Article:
Posted on February 24, 2015 by Laura Fuller
The lexicon of long standing terms such as drug addiction, abuse, dependence is constantly changing. At Origins Behavioral HealthCare, we are mindful of this evolving language in both the public and professional arenas. For the purposes of this particular article, we are utilizing the term “abuse.”
Drug abuse can be related to a variety of substances and is more often than not seen as when a person decides to continue using drugs in spite of the knowledge that his or her life has become unmanageable. It is often experienced along with negative social, physical or psychological issues.
With addiction, the substance use must be stopped all together; there is no amount that a person who is addicted can ever “safely” use or drink if that individual wants to be able to control or stop their drinking and drugging behaviors. There is an important distinction between problem drug use and addiction because not all substance users become drug addicts/alcoholics, but all alcoholics/drug addicts go through a period of substance abuse. Substance use disorders may range from mild to severe and should be treated accordingly following a professional assessment.
A professional assessment is often required in the early stages while in the late stages intervention and formal treatment may be the necessary course. In either case it is best to consult an addiction professional with long term experience and demonstrated outcomes.
In December of 2011, the National Institute of Drug Abuse (NIDA) reported that the percentage of American 50- to 59-year-olds who reported having abused illicit or prescription drugs during the past year more than doubled, from 2.7 percent to 6.2 percent, between 2002 and 2009. Not coincidentally, by the end of that period the Baby Boomer generation born between 1946 and 1964 filled that age range. Baby Boomers’ histories of illicit drug use, and their relatively tolerant attitudes toward it, along with the fact that at that time they comprised nearly 30 percent of the U.S. population, have raised the stakes on understanding and responding effectively to drug abuse among older adults.
NIDA suggested that the social and physical changes that accompany aging may well increase vulnerability to drug-related problems. The loss of loved ones, juggling of multiple roles, and retirement or other alterations in employment and income may cause some older people to use illicit drugs as self-medication for anxiety or depression, especially if they have a history of taking drugs to cope. Slowing metabolism can increase sensitivity to the effects of drugs. Furthermore, the effects of drugs of abuse in older adults may be influenced by age-related health conditions and medications. These issues become even more problematic when patients hide their drug abuse.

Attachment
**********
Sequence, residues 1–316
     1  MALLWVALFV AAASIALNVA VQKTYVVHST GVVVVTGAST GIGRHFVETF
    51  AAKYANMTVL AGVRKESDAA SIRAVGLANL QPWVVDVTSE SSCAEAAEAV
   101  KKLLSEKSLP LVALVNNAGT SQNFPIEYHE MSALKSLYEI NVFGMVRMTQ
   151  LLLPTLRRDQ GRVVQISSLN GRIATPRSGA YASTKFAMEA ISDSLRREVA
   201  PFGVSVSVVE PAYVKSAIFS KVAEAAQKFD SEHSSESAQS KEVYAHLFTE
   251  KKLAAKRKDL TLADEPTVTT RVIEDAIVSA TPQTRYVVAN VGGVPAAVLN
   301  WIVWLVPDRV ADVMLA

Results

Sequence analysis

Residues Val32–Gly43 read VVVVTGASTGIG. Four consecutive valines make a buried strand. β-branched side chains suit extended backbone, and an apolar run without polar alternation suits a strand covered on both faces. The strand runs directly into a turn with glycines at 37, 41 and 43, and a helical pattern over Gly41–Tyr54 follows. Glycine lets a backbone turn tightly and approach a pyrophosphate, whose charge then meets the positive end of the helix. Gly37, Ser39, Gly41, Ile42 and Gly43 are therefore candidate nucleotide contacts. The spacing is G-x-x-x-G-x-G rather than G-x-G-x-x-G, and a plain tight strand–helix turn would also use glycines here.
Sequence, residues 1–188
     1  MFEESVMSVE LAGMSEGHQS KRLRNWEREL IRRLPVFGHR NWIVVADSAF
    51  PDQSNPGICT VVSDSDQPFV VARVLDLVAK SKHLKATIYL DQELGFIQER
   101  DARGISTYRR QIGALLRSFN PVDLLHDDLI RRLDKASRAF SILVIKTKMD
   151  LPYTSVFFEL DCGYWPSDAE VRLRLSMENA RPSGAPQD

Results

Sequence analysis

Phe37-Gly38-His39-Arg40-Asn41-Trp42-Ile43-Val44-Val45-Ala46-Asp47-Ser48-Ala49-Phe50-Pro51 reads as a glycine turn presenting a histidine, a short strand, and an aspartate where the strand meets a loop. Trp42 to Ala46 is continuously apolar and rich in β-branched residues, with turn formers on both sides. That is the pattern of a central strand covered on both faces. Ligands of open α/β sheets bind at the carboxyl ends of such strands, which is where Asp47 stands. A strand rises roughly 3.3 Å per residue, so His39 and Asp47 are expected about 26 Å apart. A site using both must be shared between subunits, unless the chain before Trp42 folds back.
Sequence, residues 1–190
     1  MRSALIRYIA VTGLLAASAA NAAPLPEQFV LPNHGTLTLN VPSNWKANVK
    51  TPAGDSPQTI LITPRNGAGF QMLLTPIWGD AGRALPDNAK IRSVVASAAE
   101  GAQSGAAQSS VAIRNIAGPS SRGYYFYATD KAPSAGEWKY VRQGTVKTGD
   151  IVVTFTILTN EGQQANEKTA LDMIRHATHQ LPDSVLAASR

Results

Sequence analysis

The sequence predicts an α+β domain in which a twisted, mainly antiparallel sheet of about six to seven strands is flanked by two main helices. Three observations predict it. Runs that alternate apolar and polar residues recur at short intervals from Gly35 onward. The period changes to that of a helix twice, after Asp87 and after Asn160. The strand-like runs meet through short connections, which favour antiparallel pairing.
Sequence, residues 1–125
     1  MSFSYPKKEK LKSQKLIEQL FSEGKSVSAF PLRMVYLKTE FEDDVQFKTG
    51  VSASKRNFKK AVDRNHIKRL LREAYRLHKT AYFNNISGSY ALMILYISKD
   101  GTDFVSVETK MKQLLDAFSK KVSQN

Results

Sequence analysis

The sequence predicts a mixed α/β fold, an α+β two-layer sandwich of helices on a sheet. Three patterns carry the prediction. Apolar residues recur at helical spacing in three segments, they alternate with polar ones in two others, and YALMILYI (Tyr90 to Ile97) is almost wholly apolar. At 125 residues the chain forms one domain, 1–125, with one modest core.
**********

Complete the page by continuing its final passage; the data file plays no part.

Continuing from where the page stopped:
Older Adults and Baby Boomers respond at least as well as younger individuals to drug addiction therapies so recognizing drug problems in these patient populations is both effective and critical. Clinicians need to be aware of patterns of drug abuse among older people and alert themselves to the possibility that some physical problems of older adults, for example falls and other accidents, may stem from drug abuse.
Medical professionals can make a positive impact by assessing a patient’s risk of developing an addiction problem, advising patients on the negative health effects of substance abuse, and, if needed, arranging a referral to specialty care or a drug rehabilitation facility. Within this and every age group the goal is to help people live longer, healthier, and more productive lives.
In 2011, NIDA also reported that persons aged 65 years and older comprised only 13 percent of the population, yet accounted for more than one-third of total outpatient spending on prescription medications in the United States. Older patients are more likely to be prescribed long-term and multiple prescriptions, and some experience cognitive decline, which could lead to improper use of medications. Alternatively, those on a fixed income may abuse another person’s remaining medication to help save money.
The high rates of comorbid illnesses in older populations, age-related changes in drug metabolism, and the potential for drug interactions may make any of these practices more dangerous than in younger populations. Additionally, a large percentage of older adults use over-the-counter (OTC) medicines and dietary supplements, which further compound any adverse health consequences resulting from prescription drug abuse.